At the end of January this year, flush with my success in finishing my sixth novel, I had the bright idea of pulling out that first manuscript to see what kind of revisions it might need after lying neglected for eight years.

The experience was both dismaying and encouraging. You see, when I was working on that book and trying to pitch it, people kept giving me advice about how to improve my writing and I thought I was already doing all those things. It was so frustrating. Despite my English degree, I didn’t know enough to know how to make things better.

This time, as I read through, it was as though the scales had fallen from my eyes. I found that I often slipped into omniscient POV, which is mostly frowned on these days. There were hundreds of unnecessary dialog tags and adverbs. The story, I was relieved to see, is still a powerful one (at least in my humble opinion), but it was not ready for the big leagues back in 2009.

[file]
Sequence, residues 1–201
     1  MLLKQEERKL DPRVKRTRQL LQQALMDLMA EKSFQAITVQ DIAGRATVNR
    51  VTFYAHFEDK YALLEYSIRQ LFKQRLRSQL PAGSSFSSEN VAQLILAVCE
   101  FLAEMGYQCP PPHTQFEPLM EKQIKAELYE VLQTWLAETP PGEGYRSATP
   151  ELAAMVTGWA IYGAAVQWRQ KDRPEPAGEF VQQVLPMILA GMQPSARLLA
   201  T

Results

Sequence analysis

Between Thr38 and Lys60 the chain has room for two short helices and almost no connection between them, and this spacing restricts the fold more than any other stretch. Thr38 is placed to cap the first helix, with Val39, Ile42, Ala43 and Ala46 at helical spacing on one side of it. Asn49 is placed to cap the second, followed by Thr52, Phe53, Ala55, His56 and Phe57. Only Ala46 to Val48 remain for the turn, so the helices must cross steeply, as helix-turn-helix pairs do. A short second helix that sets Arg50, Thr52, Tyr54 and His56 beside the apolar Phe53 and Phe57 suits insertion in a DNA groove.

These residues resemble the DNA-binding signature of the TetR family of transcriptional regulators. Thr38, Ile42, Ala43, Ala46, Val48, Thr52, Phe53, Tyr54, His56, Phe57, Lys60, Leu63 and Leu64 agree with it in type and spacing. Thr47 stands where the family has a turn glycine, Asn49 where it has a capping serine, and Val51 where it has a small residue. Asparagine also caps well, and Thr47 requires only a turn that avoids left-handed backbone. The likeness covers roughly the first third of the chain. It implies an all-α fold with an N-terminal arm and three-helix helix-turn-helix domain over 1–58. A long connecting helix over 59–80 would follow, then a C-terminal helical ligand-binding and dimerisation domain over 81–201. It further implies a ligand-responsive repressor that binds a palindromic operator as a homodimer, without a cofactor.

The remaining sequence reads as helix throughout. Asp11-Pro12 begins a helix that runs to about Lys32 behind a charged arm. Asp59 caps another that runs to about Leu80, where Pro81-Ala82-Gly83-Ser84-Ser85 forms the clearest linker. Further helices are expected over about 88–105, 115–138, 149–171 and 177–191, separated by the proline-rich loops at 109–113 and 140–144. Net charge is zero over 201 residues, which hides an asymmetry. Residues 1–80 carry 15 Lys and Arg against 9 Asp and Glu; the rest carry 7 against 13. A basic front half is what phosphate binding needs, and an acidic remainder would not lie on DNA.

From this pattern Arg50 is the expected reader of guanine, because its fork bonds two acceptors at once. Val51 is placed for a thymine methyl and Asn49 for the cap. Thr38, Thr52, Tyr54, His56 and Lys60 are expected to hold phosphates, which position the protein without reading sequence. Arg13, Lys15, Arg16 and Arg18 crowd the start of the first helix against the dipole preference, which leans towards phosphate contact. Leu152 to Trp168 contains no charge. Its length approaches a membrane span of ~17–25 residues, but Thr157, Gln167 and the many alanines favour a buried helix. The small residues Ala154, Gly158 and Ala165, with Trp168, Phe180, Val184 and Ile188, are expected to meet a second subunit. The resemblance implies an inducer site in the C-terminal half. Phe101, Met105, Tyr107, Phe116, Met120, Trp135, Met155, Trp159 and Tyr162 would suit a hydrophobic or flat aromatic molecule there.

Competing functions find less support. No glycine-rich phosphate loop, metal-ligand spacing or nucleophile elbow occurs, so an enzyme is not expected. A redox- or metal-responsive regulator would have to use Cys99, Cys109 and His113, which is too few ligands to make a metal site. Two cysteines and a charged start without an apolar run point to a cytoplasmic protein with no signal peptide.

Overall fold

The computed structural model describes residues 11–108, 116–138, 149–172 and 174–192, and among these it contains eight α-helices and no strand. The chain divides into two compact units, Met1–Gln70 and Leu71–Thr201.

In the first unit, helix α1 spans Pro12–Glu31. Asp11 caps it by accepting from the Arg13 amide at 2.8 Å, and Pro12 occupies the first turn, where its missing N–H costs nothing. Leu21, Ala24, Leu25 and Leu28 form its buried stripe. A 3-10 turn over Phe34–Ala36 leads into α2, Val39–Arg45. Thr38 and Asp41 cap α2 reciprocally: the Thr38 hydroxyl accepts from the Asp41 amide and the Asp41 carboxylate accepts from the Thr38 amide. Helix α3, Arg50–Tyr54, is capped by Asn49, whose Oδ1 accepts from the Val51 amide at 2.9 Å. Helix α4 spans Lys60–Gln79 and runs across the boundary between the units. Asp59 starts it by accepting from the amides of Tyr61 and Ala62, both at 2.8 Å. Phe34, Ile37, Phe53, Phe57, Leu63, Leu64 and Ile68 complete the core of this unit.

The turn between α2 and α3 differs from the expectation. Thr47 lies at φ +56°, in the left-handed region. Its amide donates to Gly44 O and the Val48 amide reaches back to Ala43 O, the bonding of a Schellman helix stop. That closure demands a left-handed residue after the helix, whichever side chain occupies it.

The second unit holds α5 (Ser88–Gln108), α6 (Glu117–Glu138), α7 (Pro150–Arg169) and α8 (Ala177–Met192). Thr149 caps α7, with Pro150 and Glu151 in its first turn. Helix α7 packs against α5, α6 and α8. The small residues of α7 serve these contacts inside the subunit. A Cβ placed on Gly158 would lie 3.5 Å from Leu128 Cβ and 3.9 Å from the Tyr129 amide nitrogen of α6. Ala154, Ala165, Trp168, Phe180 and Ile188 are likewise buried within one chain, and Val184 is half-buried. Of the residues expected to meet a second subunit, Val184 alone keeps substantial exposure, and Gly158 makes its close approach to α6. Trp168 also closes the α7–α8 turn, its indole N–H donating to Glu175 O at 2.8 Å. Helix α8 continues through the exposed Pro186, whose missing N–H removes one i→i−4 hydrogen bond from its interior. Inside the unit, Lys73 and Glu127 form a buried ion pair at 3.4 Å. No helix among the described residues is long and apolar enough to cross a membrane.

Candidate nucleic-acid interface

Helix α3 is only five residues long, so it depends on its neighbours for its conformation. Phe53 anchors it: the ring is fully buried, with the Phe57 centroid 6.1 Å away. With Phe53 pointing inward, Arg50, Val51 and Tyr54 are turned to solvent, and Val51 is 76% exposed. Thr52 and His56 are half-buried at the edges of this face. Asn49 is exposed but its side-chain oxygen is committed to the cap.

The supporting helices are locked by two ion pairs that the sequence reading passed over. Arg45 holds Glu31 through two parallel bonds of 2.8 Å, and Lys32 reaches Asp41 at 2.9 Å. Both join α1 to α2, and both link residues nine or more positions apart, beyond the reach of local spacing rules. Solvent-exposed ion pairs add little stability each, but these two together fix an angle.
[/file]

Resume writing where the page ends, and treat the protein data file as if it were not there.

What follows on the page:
I will no doubt go through it several more times using my “triple sifter” approach, but I don’t think I’ll be pitching it any time soon. It is indeed hard to categorize, and my vague plan is to be famous first and then self-publish this book once I already have legions of adoring fans.

So that was the looking back part. The huge benefit for me was the realization that I have indeed improved as a writer in the last eight years, which means that looking forward, I might have a real chance at finally finding an agent and a publisher.

What I’m trying to say is that relentless self-education does pay off. I’ve learned from writers’ conferences, books, and from my wonderful critique partners. I had three short stories published last year and this year I hope to do better. I now feel somewhat confident that I finally have the skills to pull it off.

WIPjoy #31

Okay, I forgot to post this yesterday. Sorry!

Sharing day! Share your premise again so others can remember it.